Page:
Mel Greig: I don’t feel I have a right to report on the royal birth

Mel Greig

In May 2015 when Princess Charlotte was born, I wrote an open letter to the media strongly suggesting that they simply report on the royal birth and not look for crazy, ‘different angles’ as a way of standing out from the crowd of royal stories.

Three years later, I still stand by that, because I’ve experienced first-hand what can go wrong when we try and push the boundaries.

I hadn’t returned to radio when I wrote that piece for Princess Charlotte’s birth, but I have now. I sit here finding myself in the same position that I did in 2012 when we considered it our ‘media duty’ to find a new and different way to report on the royal baby, who was then Prince George.

Now I’m back in radio and the impending royal birth is topical and everyone is talking about it.

Mel Greig was covering the birth of Prince George when she and her radio co-host made a prank call to the hospital. Photo: Instagram/Mel Greig

In fact; a few minutes ago, my station 96.5 Wave FM in Wollongong, was offered an interview with Channel 7’s European Correspondent Hugh Whitfeld, who is actually now a friend of mine. We met when he interviewed me after the inquest into the death of nurse Jacintha Saldanha, which I attended in London.

This is an incredibly surreal and life changing moment for me. I responded that I felt uncomfortable talking about the royal birth on air… I felt almost as though I no longer had a right to do so.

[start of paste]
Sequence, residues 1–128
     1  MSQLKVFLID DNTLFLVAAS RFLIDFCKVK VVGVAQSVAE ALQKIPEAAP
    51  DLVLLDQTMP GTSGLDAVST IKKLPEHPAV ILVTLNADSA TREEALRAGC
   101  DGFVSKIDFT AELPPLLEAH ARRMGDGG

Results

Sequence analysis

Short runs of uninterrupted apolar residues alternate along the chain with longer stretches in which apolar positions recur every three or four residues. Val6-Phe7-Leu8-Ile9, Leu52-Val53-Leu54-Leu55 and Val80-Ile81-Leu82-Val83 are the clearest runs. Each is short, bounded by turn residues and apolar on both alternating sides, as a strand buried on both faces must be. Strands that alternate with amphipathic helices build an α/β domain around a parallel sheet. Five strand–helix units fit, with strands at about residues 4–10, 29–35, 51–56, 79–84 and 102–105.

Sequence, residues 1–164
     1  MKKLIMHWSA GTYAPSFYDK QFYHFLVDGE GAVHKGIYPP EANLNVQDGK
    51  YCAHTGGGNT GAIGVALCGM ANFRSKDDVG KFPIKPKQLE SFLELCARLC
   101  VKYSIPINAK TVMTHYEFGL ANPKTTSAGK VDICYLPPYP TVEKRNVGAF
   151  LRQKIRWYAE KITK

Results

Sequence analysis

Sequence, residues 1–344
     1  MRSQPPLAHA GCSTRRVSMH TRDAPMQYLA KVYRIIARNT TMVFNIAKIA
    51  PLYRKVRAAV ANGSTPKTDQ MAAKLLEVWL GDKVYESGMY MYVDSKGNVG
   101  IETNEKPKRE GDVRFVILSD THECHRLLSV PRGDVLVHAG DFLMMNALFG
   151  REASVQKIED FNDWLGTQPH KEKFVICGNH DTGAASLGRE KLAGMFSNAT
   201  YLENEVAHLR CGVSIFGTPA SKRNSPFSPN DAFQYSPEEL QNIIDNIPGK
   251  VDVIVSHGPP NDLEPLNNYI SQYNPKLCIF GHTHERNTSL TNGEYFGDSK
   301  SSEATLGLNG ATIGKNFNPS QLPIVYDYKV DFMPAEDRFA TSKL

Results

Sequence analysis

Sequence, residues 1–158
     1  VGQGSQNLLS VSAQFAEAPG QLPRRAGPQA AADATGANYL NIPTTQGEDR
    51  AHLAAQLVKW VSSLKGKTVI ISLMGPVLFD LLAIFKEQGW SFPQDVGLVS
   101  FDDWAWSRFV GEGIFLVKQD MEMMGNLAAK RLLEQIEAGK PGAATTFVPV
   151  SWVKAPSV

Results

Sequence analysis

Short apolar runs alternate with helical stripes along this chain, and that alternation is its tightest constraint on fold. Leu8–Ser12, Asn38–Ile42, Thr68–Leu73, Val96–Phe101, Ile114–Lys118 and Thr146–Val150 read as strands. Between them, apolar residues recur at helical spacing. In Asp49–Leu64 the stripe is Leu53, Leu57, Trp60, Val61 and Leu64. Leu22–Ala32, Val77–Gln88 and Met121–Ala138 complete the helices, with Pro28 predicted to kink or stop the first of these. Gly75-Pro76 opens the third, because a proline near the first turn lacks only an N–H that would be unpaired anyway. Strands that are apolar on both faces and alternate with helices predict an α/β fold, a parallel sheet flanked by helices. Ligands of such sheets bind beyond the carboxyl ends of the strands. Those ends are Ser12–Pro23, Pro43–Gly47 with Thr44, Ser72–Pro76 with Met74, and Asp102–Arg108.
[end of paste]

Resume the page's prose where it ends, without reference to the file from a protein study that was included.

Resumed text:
But maybe it’s time to address that? Is this how I should feel forever? Should I always feel defined by that tragic prank call over five years ago?

If I’m feeling that way, I know that Jacintha’s family will feel that with every royal birth too, and I’m sure they are getting media requests to comment, just as I am.

Mel feels uncomfortable speaking about the royal baby on air. Photo: Getty

Back in 2012, we brainstormed ideas just like we did every day. It was a simple idea that we’d attempted many times before, but this time it went horribly wrong.

We all know it was unforeseeable and no one could have predicted what would happen, but it did happen.

So, knowing that, what are you planning? Do you know how it will end? Do you know how it will make someone feel? Do you have the right people behind you making responsible decisions?

For me, I knew that prank wasn’t right, and I put suggestions forward that would have protected the nurses and hospital, but some things are out of your control.

If you do work in the media, don’t ever be afraid to speak up. There are a couple of people that were involved in that situation who are still being reckless in the industry. Stop and think.

The world's media is gathered outside St Mary's Hospital in London. Photo: Getty

I’m not going to name and shame you, I just want you to be responsible and respectful today, don’t try and find that creative ‘angle’ just enjoy the royal birth.

This is a pivotal moment for me, I’ve learnt, and I’ve grown. Five years ago, I was a part of a culture where we HAD to be different. Not anymore. I’ve never been happier staying true to myself.

If you are concerned about the mental health of yourself or a loved one, seek support and information by calling Lifeline 13 11 14, Mensline 1300 789 978, or Kids Helpline 1800 551 800